Many theories of learning and memory (e.g., connectionist, associative, rational, exemplar based) produce psychological magnitude terms as output (i.e., numbers representing the momentary level of some subjective property). Many theories assume that these numbers may be translated into choice probabilities via the ratio rule, also known as the choice axiom (Luce, 1959) or the constant-ratio rule (Clarke, 1957). We present two categorization experiments employing artificial, visual, prototype-structured stimuli constructed from 12 symbols positioned on a grid. The ratio rule is shown to be incorrect for these experiments, given the assumption that the magnitude terms for each category are univariate functions of the number of category-appropriate symbols contained in the presented stimulus. A connectionist winner-take-all model of categorical decision (Wills & McLaren, 1997) is shown to account for our data given the same assumption. The central feature underlying the success of this model is the assumption that categorical decisions are based on a Thurstonian choice process (Thurstone, 1927, Case V) whose noise distribution is not double exponential in form.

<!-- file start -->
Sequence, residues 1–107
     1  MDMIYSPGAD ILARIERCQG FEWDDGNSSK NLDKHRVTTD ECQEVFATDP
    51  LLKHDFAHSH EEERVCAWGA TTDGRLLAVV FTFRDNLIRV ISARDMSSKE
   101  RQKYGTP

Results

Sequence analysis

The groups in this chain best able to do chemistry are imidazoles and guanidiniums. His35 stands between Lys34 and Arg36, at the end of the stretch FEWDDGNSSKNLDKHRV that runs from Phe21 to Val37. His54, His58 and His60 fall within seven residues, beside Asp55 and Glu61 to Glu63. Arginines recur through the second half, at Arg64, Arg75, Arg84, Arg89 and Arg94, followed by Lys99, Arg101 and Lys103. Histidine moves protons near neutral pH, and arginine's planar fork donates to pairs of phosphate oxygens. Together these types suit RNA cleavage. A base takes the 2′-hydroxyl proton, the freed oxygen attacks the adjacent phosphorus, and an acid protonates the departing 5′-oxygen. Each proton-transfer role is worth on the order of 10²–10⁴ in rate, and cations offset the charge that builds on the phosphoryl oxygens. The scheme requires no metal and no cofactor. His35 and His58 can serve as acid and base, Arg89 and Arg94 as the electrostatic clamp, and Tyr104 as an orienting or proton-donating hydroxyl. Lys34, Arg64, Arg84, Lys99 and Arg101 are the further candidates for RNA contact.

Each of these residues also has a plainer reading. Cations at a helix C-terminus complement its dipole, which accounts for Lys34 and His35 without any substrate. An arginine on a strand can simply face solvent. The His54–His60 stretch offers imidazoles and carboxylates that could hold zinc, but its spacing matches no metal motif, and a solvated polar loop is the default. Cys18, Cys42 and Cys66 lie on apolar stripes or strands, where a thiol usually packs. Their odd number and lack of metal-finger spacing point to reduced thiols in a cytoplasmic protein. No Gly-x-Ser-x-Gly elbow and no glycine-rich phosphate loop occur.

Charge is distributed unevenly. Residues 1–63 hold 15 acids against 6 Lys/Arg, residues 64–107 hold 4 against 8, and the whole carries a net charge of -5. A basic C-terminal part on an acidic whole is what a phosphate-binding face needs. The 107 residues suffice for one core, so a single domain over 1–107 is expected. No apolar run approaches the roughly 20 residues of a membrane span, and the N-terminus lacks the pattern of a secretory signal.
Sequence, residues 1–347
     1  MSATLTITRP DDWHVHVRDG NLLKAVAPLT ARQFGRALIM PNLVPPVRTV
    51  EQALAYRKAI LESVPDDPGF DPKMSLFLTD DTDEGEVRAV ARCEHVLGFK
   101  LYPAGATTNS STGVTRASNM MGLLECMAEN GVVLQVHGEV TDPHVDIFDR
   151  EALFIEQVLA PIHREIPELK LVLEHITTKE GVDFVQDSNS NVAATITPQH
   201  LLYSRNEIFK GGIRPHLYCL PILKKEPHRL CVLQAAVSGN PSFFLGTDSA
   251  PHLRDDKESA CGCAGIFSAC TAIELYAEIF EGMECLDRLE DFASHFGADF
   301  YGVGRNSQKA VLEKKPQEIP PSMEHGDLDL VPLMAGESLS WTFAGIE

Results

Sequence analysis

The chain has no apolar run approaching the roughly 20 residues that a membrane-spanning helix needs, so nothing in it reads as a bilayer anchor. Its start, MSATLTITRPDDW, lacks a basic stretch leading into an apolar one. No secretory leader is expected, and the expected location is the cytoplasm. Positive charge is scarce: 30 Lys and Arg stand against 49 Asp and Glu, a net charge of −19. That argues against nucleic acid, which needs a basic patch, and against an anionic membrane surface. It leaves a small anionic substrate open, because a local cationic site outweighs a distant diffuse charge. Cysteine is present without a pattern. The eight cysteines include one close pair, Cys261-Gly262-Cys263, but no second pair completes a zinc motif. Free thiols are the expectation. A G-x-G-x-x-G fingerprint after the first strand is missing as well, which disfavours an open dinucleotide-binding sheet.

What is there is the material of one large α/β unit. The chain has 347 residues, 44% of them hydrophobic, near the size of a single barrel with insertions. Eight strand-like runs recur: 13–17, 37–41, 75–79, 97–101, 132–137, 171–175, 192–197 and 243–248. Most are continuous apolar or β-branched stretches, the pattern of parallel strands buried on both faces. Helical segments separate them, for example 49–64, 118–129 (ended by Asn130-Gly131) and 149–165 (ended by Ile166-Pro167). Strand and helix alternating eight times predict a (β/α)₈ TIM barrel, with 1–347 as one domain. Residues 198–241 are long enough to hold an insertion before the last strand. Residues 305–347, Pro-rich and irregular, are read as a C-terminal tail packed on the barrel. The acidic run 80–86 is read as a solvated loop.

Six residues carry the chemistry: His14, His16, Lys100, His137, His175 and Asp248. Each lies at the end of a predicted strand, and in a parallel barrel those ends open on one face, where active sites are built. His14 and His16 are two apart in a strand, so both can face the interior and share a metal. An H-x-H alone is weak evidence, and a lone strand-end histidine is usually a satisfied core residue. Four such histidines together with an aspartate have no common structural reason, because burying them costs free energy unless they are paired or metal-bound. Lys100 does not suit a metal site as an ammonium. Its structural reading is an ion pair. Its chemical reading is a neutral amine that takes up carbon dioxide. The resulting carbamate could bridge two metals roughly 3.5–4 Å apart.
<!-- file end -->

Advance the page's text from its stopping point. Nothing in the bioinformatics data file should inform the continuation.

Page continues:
Clarke, F. R. (1957). Constant-ratio rule for confusion matrices in speech communication. Journal of the Acoustical Society of America, 29, 715-720.
Luce, R. D. (1959). Individual choice behavior. New York: John Wiley & Sons.
Thurstone, L. L. (1927). A law of comparative judgment. Psychological Review, 34, 273-286.
Wills, A. J., & McLaren, I. P. L. (1997). Generalization in human category learning: A connectionist explanation of differences in generalization gradient after discriminative and non-discriminative training. Quarterly Journal of Experimental Psychology, 50A, 607-630.